“Setting off where?” Ray was sitting at the table, rubbing his hair dry with a towel. Annoyingly he was dressed.
“Can’t go. I’m on suspension, aren’t I.”
“No, the Cow said…” The words died in Bodie’s mouth as Ray fixed him with a terrible glare.
“What the hell has Cowley been saying to you about me!”
“Erm, well.” Bodie glanced behind him, but there was no escape that way. The only exit was the door to the living room and a very irate Raymond was between him and it. Bad planning, Bodie, my lad, he thought. Should always make sure you’ve got an escape route planned.
“Well!” Ray’s voice was getting louder, his expression more thunderous.
Bodie swallowed heavily and grinned his most innocent grin - the one let him get away with pinching the girls’ bums at work. “Nothing much.”
Ray’s eyes narrowed dangerously as he stood up. “What exactly does that mean?”
“Sod complicated, Bodie, answer the bloody question!”
There wasn’t a cowardly atom in Bodie’s body - he’d stared down everything from rabid hyenas to gun-toting terrorists - but faced with Ray Doyle on the rampage, he caved. Spectacularly.
Picking up the ribbon-bedecked bottle of single malt from the sideboard, he held it out. “He gave us this as a wedding present.”
Ray’s arse hit the chair as he collapsed like someone had cut his strings. “W-wedd…”
“And he said that he didn’t want to see us until the New Year, which gives us a nearly two weeks off. So I thought we could go up and see your mum, `cause you didn’t get there last year, and then we could do New Year’s at my place. I bought loads of food, so we’ll not go short. Be better if you cook though. I was gonna call Sarah and see if she minded doing the honours, but then-”
Wittering. He’d been wittering. He didn’t witter. He never wittered. He was stoic and silent. Now silenced by Ray’s sharp tongue, Bodie stood and stared at his partner, hands still wrapped around the scotch. It was pathetic and any second now, he was going to find his balls, honestly.
Ray stood up slowly and, at a pace that would put a tortoise in the winning seat, walked over until he was close enough for Bodie to smell the shampoo he’d used in the bath.
“Let me get this straight,” he said in a voice that sounded too placid for anyone’s continued good health. “You and Mister Cowley discussed our relationship, and he sent you over here with a wedding present!” The last two words hit a decibel level that left Bodie’s ears ringing.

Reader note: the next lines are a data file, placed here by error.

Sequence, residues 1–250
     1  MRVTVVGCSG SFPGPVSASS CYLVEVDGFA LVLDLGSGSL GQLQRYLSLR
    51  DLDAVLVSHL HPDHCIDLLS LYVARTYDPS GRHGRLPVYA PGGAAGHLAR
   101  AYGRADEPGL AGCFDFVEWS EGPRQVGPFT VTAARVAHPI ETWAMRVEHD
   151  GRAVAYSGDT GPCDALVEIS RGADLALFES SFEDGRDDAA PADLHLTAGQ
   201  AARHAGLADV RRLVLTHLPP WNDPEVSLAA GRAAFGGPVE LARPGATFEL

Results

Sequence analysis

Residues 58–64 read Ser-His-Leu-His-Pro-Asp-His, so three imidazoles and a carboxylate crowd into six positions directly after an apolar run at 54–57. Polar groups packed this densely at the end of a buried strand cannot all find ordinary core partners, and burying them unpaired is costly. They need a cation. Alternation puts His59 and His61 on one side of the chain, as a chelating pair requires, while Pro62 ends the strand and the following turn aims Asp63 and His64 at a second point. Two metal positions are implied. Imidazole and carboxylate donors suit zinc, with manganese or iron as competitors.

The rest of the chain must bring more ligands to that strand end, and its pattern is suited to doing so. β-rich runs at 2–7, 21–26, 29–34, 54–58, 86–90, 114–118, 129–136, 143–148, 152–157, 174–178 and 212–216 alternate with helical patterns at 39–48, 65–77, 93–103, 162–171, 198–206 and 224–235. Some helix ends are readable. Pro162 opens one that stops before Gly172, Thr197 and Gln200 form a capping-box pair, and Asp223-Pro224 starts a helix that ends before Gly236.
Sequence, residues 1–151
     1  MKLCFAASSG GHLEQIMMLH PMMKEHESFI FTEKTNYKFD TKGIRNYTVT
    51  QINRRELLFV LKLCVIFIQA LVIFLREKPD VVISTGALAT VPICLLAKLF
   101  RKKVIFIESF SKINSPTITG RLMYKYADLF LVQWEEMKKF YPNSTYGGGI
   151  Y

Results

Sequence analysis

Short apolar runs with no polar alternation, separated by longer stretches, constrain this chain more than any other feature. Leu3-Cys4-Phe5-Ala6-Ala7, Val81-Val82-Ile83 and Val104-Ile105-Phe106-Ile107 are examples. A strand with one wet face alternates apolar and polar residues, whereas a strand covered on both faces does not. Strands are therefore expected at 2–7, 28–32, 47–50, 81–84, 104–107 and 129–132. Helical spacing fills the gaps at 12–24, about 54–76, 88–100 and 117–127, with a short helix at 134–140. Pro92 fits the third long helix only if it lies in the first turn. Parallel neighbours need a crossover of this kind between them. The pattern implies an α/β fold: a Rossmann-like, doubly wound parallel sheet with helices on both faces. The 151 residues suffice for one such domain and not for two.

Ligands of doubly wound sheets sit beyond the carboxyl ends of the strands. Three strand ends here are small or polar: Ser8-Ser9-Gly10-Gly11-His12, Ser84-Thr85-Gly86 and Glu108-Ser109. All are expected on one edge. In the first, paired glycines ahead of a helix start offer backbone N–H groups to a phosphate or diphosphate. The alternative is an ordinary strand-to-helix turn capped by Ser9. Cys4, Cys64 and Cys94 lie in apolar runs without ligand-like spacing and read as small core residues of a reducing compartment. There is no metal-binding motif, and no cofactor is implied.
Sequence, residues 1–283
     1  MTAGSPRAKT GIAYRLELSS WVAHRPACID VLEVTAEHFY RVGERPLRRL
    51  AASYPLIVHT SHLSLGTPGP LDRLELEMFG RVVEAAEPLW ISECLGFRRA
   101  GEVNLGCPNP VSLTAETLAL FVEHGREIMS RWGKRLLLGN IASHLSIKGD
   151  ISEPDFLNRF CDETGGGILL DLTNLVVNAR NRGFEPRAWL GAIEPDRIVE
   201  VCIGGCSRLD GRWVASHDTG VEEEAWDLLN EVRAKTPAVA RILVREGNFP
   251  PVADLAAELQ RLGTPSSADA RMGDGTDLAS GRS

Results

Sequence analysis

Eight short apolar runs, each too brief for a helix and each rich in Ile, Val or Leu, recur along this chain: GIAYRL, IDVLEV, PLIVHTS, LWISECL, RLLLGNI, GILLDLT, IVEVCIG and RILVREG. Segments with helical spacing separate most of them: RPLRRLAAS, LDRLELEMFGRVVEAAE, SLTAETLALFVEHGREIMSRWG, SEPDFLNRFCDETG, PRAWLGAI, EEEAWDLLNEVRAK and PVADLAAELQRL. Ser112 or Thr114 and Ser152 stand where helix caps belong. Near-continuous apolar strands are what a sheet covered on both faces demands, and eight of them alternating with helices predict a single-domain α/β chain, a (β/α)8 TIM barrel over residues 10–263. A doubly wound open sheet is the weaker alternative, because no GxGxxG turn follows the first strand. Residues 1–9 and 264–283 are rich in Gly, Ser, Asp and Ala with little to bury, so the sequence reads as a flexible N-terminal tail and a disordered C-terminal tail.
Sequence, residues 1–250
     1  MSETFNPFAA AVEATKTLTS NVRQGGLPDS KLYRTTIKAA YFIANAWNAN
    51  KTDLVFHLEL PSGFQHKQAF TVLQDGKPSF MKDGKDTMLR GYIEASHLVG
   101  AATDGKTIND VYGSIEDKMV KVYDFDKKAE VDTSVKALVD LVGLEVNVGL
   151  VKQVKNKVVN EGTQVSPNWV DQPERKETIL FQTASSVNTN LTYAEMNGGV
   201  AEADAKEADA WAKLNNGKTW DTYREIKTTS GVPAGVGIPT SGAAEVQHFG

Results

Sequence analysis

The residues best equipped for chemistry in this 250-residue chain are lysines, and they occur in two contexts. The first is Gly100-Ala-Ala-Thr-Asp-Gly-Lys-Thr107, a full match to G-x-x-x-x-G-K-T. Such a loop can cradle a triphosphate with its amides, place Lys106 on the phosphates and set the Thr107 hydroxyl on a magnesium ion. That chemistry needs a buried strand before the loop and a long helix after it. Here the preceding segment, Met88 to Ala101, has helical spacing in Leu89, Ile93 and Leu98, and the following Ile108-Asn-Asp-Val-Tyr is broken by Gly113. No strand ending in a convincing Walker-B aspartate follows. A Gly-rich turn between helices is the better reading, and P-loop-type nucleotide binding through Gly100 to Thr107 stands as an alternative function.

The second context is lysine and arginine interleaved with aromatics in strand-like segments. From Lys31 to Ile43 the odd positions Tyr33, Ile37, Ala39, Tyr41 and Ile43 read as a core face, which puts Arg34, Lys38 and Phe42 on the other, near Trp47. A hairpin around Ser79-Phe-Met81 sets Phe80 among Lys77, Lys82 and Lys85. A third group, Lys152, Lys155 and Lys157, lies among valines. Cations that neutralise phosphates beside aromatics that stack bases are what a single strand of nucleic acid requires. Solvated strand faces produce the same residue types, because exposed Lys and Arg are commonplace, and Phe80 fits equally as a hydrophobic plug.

Put like that, it did sound a bit dodgy. As if they’d been talking about Ray behind his back, which they hadn’t, not really. Only in the generalist terms. Bodie opened his mouth offer an excuse, and shut it again after one look at Ray’s face. This wasn’t going to be as easy as an explanation.
A finger that felt like it had been inside a pencil sharpener, jabbed him in the centre of the chest. Bodie staggered back a step and bumped into the cupboard.
“Two days after he suspended me for making a pass at you and referred to our relationship as sordid!”
He was good at getting louder towards the end of sentences, Bodie reflected somewhat numbly. “Not two days. Just after you left,” he said, and regretted it immediately.
Any second now, Ray was going to punch him. It was inevitable. Like New Year following Christmas. Or taxes following profit. In the five years they’d worked together, Bodie couldn’t remember a time when Ray had been so angry. Not even when Wakeman was trying to wipe out CI5.
“Sorry,” he offered, in the vain hope of avoiding the obvious.
“You are sorry,” Ray said backing off far enough that Bodie was finally able to breathe. And giving himself enough room to swing, Bodie thought morosely. “That’s supposed to fix everything is it? You walk in here with Cowley’s best wishes and an apology and all the accusations, all the distrust, all the spying on me behind my back disappears? Is that it? Is that what you really think? `Cause if you do, mate, then you’re stupider and more bloody suicidal than I ever was.”
In all the excitement over Cowley’s blessing, Bodie had managed to forget that whole business with the Findley woman. Now it all came rushing back, along with memories of confronting Ray this very flat and those things he said. He winced.
“Remembering now are you? Well, thanks very much. And just for your information, they found out where the leak was coming from. It was bloody Anita in records. Murph caught her this morning.”
Anita? Bodie couldn’t have been more surprised if someone had told him it was Betty. Anita was sweet and pretty with a lovely pair of… It was entirely possible he thought too much about what women looked like.
Ray could read his mind, apparently. “Yeah,” he was saying. “`Bout time you stopped thinking with your dick and tried your brain for a change. Though I doubt it’d make much difference.”